For Gaza, a Question of Responsibility

At the Erez crossing, Palestinian workers caught in Israel without proper permits await their return to Gaza. Israel in 2000 froze a process for issuing identity cards.
At the Erez crossing, Palestinian workers caught in Israel without proper permits await their return to Gaza. Israel in 2000 froze a process for issuing identity cards. (By Tsafrir Abayov -- Associated Press)
By Scott Wilson
Washington Post Foreign Service
Wednesday, March 21, 2007

GAZA CITY -- The Israeli government is arguing in domestic courts that it no longer occupies the Gaza Strip, a designation that under international law holds the Jewish state responsible for the welfare of Gaza's 1.4 million Palestinians.

Israel declined to seek a change in Gaza's legal status with the United Nations following its September 2005 departure from the coastal territory, when it pulled out thousands of Jewish settlers and shut down its military government. The move was hailed internationally as a step toward peace.

But the government is making the case now in order to defend its restrictions on the ability of Gazans to trade and travel. If successful, the legal claim could also make it more difficult for the Israeli military to enter the 140-square-mile region, where Palestinian rocket attacks and arms smuggling have increased sharply since the army's departure.

Israel says its legal argument, which appears in at least two cases pending before the country's highest court, is rooted in security concerns that have grown since the January 2006 election of Hamas to run the Palestinian Authority. The Islamic movement derives much of its political power from Gaza, and keeping the strip's rising militancy from spreading to the West Bank has become a top priority for Israeli security officials.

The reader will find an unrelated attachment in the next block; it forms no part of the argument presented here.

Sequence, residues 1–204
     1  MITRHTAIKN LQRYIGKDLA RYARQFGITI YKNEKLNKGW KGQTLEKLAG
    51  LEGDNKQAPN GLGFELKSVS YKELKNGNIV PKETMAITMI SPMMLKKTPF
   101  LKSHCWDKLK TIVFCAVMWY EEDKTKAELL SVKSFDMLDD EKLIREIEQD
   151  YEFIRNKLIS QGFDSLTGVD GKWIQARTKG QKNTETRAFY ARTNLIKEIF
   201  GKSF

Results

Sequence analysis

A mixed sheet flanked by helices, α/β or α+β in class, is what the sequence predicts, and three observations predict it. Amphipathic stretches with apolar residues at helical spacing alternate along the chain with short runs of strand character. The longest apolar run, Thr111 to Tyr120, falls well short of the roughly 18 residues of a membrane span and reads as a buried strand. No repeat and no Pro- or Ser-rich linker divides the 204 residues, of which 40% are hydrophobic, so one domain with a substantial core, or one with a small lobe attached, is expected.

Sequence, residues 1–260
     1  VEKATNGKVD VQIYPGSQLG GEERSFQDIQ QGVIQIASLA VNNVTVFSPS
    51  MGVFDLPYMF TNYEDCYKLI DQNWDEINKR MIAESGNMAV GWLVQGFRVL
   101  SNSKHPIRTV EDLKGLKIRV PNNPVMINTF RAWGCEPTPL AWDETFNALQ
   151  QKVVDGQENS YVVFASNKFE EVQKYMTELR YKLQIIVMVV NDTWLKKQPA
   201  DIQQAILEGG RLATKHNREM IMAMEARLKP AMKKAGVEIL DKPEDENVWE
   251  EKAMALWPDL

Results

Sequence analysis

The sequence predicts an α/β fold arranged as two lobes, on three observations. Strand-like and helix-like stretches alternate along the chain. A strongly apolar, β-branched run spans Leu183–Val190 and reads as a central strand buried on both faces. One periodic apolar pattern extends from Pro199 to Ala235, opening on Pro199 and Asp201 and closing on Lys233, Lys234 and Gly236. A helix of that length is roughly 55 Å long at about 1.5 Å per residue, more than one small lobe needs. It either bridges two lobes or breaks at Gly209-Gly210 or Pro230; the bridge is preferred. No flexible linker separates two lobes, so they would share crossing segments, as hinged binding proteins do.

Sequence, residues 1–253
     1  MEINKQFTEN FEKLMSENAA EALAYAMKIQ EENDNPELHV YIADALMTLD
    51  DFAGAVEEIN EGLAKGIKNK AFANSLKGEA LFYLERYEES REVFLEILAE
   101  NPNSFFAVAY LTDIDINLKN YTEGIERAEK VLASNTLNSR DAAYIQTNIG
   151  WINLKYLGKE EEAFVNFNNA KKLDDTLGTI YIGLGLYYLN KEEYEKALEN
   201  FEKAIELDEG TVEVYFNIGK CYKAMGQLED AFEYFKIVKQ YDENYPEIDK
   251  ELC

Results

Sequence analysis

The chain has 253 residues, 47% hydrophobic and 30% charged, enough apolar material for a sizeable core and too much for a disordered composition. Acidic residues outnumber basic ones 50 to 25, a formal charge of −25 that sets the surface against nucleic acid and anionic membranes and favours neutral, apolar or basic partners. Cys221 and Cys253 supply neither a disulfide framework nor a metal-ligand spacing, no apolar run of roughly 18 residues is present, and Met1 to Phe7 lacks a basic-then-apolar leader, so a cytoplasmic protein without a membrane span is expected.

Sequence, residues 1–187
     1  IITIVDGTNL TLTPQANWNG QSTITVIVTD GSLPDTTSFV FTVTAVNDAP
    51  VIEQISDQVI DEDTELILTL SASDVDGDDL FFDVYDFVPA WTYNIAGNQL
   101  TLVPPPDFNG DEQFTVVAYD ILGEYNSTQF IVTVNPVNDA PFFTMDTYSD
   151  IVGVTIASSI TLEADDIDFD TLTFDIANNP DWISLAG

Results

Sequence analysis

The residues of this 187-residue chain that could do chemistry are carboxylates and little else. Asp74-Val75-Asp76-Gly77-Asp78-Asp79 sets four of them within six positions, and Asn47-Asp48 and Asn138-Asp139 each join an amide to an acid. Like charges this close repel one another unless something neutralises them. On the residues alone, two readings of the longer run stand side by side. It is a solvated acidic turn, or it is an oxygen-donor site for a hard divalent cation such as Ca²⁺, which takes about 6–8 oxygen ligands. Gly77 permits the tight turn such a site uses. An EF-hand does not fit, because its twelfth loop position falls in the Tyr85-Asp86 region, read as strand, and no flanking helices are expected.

"We regarded the area as the seed of a Palestinian state," said Shlomo Dror, spokesman for Israel's coordinator of government activities in the territories. "But now Hamas rules there, we disengaged, and now we have nothing to do with it." In February, Israel opened a $35 million terminal at the Erez crossing on the Gaza border, where travelers now receive Israeli exit and entry stamps in their passports.

In court filings over the past year, the government has asserted that "with the abolition of the military government in Gaza and in light of the current security situation, the State of Israel bears no responsibility to take care of the various interests of Gaza residents."

Israel likens Gaza to a country such as Syria, with which Israel has maintained a hostile calm since 1973, and argues that "the responsibility over the economic situation in Gaza lays with the Palestinian Authority."

"The question goes to who is responsible for what is happening in Gaza," said Ruth Lapidoth, professor emeritus of international law at Hebrew University and a former government legal adviser. "In my view, only in the areas that Israel has not given up its responsibility does the occupation continue."

But the Israeli government retains control over all of Gaza's border crossings, except for the transit point to Egypt; the strip's airspace and coastal waters; and the population registry used to assign Palestinian identity cards. The United Nations continues to designate Gaza as occupied territory.

By declaring the end of the occupation in Gaza while maintaining it in the West Bank, said Samir Hulileh, a Palestinian economist who has been involved in negotiations with Israel for more than 15 years, Israel is trying to push the regions apart to prevent a future state from emerging. In the past, Israeli officials have talked favorably about Gaza eventually joining Egypt and about the West Bank establishing political links with Jordan, two countries with peace agreements with Israel.

While allowing thousands of Gazans into Israel each year for brief medical visits, the government now bars them from entering the West Bank, which remains a closed Israeli military zone. Israel pledged in the 1993 Oslo accords to treat Gaza and the West Bank as "a single territorial unit" pending the creation of a Palestinian state.

"This is why their talk of the occupation of Gaza being over is meaningless," said Hulileh, director of the Ramallah office of the Portland Trust, a private economic development program. "This whole case of Gaza is not an economic one, but a social one."

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